Heel Lifts For Achilles Tendonitis
What Is Achilles Tendonitis?
If you have been diagnosed with Achilles tendonitis, you are probably familiar with the concept of heel lifts and may have even tried them. But to understand why heel lifts might work for you, let’s first take a deeper look at the causes of Achilles tendonitis and what is actually happening in the body. Achilles tendonitis is an injury to the tissue that connects the calf on the back of the leg to the heel. It’s typically associated with sports, specifically running, or just general overuse. Because it is an overuse injury, symptoms tend to get worse with use, continued stress, and activities like running.
How Do Heel Lifts Work?
The idea behind using heel lifts is to relieve some of that strain by relieving some of the tension that is on that tendon. Of course if your Achilles tendonitis is already so advanced that you have torn or ruptured the tendon, this may not be the best treatment option. It is important that you see a doctor to determine if heel lifts are the appropriate treatment plan for you. Heel lifts have been shown to be effective in bringing relief to patients who also lower their activity levels during their treatment period. Their use is often paired with physical therapy and sometimes over-the-counter pain medication.
How Do Runners Deal With Achilles Tendonitis?
If you are a runner, you may also choose to use heel lifts during the period of your rehabilitation when you begin training again. Heel lifts during running have been shown to reduce the strain and load on the Achilles tendon. However, if you return to running too soon, you do risk re-injury. Runners can help to prevent Achilles tendon strain by making sure they have adequate arch support and cushioning in their running shoes, stretching often, and mixing strength training into their routines. If your running shoes have a thin or flat insole that do not provide much arch support, you should consider replacing them with an insole that is flexible enough for your foot to have a normal range of motion while still providing arch support. The Protalus T-100 is able to add in arch support, cushioning, and corrective alignment technology without taking up much space in your running shoe.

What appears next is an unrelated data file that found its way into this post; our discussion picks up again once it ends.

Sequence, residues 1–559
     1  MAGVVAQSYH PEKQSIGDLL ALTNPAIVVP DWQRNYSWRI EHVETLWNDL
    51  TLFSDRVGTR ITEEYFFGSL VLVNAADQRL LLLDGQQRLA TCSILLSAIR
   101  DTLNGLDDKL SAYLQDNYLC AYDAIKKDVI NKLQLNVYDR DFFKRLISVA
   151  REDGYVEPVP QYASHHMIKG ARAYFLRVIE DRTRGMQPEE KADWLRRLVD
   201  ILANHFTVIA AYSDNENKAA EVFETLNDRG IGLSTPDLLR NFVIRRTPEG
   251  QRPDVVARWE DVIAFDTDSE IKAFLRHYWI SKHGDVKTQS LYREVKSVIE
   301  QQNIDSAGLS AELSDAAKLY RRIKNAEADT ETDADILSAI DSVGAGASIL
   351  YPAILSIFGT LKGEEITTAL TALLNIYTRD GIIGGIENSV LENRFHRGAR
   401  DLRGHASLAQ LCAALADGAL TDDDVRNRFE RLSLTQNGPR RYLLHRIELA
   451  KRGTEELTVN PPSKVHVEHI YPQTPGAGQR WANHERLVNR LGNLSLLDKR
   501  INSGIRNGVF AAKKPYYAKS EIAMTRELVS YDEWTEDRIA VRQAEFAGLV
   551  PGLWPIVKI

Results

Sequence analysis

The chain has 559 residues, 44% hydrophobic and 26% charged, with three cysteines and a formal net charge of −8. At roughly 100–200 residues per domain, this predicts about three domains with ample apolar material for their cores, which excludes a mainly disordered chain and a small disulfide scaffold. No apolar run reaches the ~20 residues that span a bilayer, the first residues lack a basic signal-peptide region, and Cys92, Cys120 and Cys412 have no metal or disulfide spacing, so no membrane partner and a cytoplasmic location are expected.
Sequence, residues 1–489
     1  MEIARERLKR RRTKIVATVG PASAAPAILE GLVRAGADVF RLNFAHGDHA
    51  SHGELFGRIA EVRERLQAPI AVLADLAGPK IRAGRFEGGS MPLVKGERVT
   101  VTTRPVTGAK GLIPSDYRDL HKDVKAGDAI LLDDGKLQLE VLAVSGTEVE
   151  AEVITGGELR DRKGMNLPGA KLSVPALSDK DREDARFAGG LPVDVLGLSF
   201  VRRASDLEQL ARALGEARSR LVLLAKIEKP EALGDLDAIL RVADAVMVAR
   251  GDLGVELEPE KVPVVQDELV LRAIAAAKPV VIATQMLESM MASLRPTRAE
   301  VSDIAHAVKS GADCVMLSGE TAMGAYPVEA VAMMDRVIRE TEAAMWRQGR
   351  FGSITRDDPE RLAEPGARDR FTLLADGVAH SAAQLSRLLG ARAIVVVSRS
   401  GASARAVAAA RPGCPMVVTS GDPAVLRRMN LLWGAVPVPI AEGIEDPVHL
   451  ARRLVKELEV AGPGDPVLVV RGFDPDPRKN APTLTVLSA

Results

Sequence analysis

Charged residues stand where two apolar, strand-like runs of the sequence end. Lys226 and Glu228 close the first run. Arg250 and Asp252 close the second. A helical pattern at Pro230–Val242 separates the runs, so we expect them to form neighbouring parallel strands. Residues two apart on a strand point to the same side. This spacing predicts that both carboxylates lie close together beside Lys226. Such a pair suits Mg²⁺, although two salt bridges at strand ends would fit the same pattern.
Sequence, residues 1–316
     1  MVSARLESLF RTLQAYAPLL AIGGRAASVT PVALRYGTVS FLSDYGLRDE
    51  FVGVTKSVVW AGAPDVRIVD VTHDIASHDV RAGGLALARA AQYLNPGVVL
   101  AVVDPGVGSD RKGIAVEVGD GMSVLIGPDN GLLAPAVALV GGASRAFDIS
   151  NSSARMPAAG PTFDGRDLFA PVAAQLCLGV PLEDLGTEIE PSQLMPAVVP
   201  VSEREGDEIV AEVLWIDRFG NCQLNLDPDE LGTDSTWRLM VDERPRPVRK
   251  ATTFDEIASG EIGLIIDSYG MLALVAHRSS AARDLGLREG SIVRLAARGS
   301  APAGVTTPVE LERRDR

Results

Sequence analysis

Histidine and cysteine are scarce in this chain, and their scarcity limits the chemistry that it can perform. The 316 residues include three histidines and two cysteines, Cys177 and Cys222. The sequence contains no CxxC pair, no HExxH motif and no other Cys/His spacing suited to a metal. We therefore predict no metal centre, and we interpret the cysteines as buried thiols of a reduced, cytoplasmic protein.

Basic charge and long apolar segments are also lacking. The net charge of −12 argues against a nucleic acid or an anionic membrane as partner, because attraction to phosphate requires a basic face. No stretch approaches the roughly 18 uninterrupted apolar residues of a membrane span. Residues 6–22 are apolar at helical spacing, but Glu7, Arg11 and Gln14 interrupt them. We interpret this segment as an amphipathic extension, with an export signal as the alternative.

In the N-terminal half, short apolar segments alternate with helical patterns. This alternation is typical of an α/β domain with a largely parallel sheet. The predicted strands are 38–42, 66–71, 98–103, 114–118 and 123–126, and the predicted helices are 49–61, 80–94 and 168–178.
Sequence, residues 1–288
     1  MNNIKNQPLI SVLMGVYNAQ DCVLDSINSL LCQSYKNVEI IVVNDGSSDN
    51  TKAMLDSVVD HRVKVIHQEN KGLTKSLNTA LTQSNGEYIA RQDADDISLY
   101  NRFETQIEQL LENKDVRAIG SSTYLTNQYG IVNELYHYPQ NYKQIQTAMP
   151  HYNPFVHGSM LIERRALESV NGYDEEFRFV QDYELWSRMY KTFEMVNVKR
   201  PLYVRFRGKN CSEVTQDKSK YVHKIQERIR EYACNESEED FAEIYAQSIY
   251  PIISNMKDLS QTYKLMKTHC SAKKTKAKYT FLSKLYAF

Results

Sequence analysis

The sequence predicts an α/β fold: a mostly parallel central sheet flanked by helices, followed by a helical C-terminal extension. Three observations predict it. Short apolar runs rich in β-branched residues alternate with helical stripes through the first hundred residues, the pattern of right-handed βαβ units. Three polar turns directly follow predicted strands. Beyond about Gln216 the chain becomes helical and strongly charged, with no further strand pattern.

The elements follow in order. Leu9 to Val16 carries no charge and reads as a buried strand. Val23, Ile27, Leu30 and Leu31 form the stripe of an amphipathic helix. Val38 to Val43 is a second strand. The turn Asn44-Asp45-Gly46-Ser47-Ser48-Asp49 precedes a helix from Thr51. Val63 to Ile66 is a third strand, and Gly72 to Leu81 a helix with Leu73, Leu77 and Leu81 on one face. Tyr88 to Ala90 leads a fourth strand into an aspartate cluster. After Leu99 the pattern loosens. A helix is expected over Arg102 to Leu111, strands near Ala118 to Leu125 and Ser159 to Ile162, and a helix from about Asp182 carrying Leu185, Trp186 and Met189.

How Long Will I Have To Rest?
Soft tissue injuries can take weeks to heal so the waiting can be hard. But if you have tried using heel lifts along with physical therapy for several months and see no improvement, it is time to return to your doctor. They can order imaging tests to assess the extent of your injury and determine if you have a rupture or are a candidate for a more aggressive treatment such as surgery. Although surgery is typically not needed for Achilles tendonitis, it is an option when the tendon needs to be repaired.
How Can I Prevent Achilles Tendonitis?
If you are beginning a new exercise routine, remember to start slow, be patient with your body, and don’t be afraid to rest if you feel pain. Make sure you have the right gear such as shoes, insoles, and an exercise plan that has been reviewed by a professional, such as a trainer at your gym, before you begin. Pain does not equal progress. Achilles tendonitis is a common injury for which a little rest, and some simple interventions, can go a long way.